Decrease Your Vocabulary


Do you ever get tired of hearing certain words?

This election, I’m already sick of “change.” And hey: I want change; demand it. But the only change I can believe in is change with some specifics attached.

Put “Change” on hold, politicians, go to a thesaurus and look for another word.

For a change.

Another word I’d like to hear less of is “staunch.” Somehow, “staunch” only applies to conservatives. He’s a ““staunch conservative,” they say; she’s a “staunch opponent of big government.”

Can’t we think of another word? Like, uh, “principled”?

Why not put the word “staunch” on our taboo list for a year? Or, at the very least, try applying it to liberals only for a while.

I have a friend who thinks the word “natural” should never be used by theologians or political philosophers. What’s natural, for them, he says, is to make too much of the concept. And I’ve noticed that “natural” is meaning less and less on packaging these days.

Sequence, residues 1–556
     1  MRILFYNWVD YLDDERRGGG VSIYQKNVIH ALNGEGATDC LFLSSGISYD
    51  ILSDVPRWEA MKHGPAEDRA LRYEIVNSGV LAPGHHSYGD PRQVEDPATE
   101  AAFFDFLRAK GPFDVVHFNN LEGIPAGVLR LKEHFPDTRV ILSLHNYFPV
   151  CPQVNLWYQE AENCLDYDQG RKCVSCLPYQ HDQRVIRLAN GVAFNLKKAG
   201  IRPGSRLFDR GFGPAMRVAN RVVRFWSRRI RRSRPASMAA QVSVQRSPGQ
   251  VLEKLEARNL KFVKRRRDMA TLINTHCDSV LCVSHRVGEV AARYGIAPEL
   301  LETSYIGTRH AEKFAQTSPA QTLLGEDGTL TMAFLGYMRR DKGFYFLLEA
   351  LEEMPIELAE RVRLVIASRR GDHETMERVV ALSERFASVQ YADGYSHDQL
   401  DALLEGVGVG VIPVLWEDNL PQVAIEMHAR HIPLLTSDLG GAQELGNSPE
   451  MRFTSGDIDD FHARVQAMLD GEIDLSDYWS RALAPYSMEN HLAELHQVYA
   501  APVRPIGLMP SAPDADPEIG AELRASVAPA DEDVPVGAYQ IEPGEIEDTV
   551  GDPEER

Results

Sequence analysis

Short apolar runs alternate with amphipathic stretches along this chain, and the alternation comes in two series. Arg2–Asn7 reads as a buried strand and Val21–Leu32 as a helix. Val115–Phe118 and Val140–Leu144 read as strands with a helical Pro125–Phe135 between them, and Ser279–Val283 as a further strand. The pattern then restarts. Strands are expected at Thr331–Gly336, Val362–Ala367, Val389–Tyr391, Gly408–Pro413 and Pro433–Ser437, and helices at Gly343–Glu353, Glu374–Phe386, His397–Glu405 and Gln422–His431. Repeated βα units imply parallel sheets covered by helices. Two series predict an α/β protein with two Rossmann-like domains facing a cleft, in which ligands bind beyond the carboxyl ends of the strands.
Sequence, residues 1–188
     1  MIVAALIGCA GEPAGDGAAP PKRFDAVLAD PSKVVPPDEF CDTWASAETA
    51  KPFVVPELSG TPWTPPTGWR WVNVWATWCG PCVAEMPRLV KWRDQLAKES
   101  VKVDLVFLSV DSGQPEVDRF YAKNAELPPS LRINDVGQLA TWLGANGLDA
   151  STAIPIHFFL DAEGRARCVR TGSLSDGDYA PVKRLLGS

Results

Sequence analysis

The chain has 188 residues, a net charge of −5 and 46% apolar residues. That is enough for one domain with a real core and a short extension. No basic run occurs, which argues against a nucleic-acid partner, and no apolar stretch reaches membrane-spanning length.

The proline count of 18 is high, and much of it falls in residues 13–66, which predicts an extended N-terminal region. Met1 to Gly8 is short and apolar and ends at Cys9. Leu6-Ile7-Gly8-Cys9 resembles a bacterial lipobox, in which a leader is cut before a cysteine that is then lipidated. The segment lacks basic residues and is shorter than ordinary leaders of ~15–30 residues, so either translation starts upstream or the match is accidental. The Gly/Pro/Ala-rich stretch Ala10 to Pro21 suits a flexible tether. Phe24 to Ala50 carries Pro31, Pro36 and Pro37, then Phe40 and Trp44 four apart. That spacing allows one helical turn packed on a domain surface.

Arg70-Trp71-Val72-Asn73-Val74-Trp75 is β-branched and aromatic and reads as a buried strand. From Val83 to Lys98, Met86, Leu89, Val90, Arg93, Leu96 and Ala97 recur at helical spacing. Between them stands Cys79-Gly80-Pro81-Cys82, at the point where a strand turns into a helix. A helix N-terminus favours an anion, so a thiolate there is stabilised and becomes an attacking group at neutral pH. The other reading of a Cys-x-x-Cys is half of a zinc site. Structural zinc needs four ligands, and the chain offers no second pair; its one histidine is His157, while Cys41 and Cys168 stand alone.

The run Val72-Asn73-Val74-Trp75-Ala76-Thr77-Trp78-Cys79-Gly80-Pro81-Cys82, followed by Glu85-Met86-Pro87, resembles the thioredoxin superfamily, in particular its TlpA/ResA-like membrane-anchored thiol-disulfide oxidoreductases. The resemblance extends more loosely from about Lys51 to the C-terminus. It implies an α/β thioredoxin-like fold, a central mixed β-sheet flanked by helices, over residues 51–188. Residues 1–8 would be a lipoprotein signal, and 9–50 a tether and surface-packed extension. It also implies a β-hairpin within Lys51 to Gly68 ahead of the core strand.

Another friend thinks itâ’s a pity that Democrats get to call themselves “democrats” when they usually oppose democratic reforms like initiative and referendum. He also regrets that Republicans have come to support imperial stances, not republican ones, including an imperial presidency. But they still call themselves “republicans.”

I guess our favorite political words become not only cliché, but become the very opposite of what they originally meant. The more things change . . .

This is Common Sense. I’m Paul Jacob.

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